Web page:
Genes exist in pairs within an organism, with one of each pair inherited from each parent.
Describe the structure of a gene and how offspring inherit genes from each parent
- A gene is a stretch of DNA that helps to control the development and function of all organs and working systems in the body.
- Genes are passed from parent to offspring; the combination of these genes affects all aspects of the human body, from eye and hair color to how well the liver can process toxins.
- A human will inherit 23 chromosomes from its mother and 23 from its father; together, these form 23 pairs of chromosomes that direct the inherited characteristics of the individual.
- If the two copies of a gene inherited from each parent are the same, that individual is said to be homozygous for the gene; if the two copies inherited from each parent are different, that individual is said to be heterozygous for the gene.
- gene: a unit of heredity; the functional units of chromosomes that determine specific characteristics by coding for specific proteins
- chromosome: a structure in the cell nucleus that contains DNA, histone protein, and other structural proteins
- genetics: the branch of biology that deals with the transmission and variation of inherited characteristics, in particular chromosomes and DNA
Pairs of Unit Factors, or Genes
Mendel proposed that paired unit factors of heredity were transmitted faithfully from generation to generation by the dissociation and reassociation of paired factors during gametogenesis and fertilization, respectively. After he crossed peas with contrasting traits and found that the recessive trait resurfaced in the F2 generation, Mendel deduced that hereditary factors must be inherited as discrete units. This finding contradicted the belief at that time that parental traits were blended in the offspring.
A gene is made up of short sections of DNA that are contained on a chromosome within the nucleus of a cell. Genes control the development and function of all organs and all working systems in the body. A gene has a certain influence on how the cell works; the same gene in many different cells determines a certain physical or biochemical feature of the whole body (e.g., eye color or reproductive functions). All human cells hold approximately 21,000 different genes.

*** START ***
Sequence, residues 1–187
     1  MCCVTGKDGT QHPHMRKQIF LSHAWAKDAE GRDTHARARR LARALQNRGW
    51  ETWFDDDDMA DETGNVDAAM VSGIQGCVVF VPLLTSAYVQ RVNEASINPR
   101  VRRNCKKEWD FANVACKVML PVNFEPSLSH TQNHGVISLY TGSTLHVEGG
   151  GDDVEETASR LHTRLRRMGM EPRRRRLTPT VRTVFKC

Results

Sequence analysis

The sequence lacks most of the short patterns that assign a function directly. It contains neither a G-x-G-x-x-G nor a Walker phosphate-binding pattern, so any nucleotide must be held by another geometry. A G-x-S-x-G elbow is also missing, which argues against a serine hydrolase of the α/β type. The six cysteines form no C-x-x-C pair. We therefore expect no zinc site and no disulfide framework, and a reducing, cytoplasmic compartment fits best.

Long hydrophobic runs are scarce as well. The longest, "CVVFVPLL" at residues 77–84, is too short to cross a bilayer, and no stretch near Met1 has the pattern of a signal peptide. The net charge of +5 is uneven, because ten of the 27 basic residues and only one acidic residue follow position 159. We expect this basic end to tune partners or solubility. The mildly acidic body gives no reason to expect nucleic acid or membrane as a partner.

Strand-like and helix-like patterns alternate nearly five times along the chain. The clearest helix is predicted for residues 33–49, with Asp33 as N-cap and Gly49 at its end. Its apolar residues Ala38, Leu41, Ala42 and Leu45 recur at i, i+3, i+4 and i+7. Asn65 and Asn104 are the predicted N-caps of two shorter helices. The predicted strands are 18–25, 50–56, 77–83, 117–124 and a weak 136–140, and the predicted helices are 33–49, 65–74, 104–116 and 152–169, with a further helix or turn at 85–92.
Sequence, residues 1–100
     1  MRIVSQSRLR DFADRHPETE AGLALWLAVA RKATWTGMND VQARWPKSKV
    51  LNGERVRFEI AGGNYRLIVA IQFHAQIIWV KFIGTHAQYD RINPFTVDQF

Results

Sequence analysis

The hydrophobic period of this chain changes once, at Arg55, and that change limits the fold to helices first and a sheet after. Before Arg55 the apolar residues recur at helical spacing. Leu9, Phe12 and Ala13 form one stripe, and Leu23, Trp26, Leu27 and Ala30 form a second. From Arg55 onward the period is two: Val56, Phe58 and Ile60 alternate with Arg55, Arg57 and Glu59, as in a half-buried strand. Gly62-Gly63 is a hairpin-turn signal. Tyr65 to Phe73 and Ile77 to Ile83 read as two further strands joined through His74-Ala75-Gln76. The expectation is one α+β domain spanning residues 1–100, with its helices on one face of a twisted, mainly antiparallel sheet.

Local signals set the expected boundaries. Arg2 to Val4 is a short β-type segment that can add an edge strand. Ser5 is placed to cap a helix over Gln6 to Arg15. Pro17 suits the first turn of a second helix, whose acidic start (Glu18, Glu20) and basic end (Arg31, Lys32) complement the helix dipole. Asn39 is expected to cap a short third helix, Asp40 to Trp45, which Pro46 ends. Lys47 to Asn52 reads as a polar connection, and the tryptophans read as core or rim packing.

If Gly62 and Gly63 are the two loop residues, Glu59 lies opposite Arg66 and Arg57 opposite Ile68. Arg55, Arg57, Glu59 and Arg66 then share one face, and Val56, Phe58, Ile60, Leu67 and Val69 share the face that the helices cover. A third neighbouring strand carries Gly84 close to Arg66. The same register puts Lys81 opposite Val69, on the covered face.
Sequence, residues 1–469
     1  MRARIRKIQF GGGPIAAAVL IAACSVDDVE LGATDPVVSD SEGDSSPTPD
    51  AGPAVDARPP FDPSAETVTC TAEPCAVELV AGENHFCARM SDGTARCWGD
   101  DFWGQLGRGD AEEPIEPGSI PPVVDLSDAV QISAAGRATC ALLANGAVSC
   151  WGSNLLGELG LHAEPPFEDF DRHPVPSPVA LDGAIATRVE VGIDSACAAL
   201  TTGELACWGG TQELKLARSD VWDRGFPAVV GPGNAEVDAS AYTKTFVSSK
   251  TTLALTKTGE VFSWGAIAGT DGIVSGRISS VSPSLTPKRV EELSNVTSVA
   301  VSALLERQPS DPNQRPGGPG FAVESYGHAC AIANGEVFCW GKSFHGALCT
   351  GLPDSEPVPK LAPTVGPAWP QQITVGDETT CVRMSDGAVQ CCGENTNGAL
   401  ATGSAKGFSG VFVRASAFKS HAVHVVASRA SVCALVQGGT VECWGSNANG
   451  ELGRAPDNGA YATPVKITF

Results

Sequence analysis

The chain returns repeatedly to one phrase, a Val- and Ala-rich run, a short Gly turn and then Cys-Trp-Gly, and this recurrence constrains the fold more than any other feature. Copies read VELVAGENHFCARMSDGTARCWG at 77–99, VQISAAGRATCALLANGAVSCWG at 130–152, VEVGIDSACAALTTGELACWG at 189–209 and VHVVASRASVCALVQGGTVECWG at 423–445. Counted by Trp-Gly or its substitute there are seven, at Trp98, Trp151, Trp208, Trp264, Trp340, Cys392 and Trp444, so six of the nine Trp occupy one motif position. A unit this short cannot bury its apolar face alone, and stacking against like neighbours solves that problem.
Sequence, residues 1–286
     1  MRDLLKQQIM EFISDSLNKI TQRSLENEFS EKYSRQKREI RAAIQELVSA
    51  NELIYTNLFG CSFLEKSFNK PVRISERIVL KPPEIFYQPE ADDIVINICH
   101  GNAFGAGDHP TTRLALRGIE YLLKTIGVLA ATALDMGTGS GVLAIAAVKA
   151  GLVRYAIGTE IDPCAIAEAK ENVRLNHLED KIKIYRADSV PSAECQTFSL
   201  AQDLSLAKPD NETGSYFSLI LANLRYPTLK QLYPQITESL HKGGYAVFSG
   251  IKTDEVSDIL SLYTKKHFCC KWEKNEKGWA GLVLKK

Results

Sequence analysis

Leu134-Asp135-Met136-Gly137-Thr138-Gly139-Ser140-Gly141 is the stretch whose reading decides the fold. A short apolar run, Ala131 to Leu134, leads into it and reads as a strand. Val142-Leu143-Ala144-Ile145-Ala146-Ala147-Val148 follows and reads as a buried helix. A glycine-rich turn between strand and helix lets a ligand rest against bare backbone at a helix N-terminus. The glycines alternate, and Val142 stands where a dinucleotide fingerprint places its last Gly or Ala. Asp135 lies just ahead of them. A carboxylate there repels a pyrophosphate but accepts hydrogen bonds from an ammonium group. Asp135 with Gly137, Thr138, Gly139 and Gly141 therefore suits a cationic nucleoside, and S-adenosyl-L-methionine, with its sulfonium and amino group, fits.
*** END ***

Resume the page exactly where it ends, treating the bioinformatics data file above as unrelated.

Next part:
Genetics is the science of the way traits are passed from parent to offspring. For all forms of life, continuity of the species depends upon the genetic code being passed from parent to offspring. Evolution by natural selection is dependent on traits being heritable. Genetics is very important in human physiology because all attributes of the human body are affected by a person’s genetic code. It can be as simple as eye color, height, or hair color. Or it can be as complex as how well your liver processes toxins, whether you will be prone to heart disease or breast cancer, and whether you will be color blind.
Genetic inheritance begins at the time of conception. You inherited 23 chromosomes from your mother and 23 from your father. Together they form 22 pairs of autosomal chromosomes and a pair of sex chromosomes (either XX if you are female, or XY if you are male). Homologous chromosomes have the same genes in the same positions, but may have different alleles (varieties) of those genes. There can be many alleles of a gene within a population, but an individual within that population only has two copies and can be homozygous (both copies the same) or heterozygous (the two copies are different) for any given gene.
Gene pairs enable genetic combinations: A child will inherit half of its genes (one of each of its 23 pairs) from its mother and the other half from its father.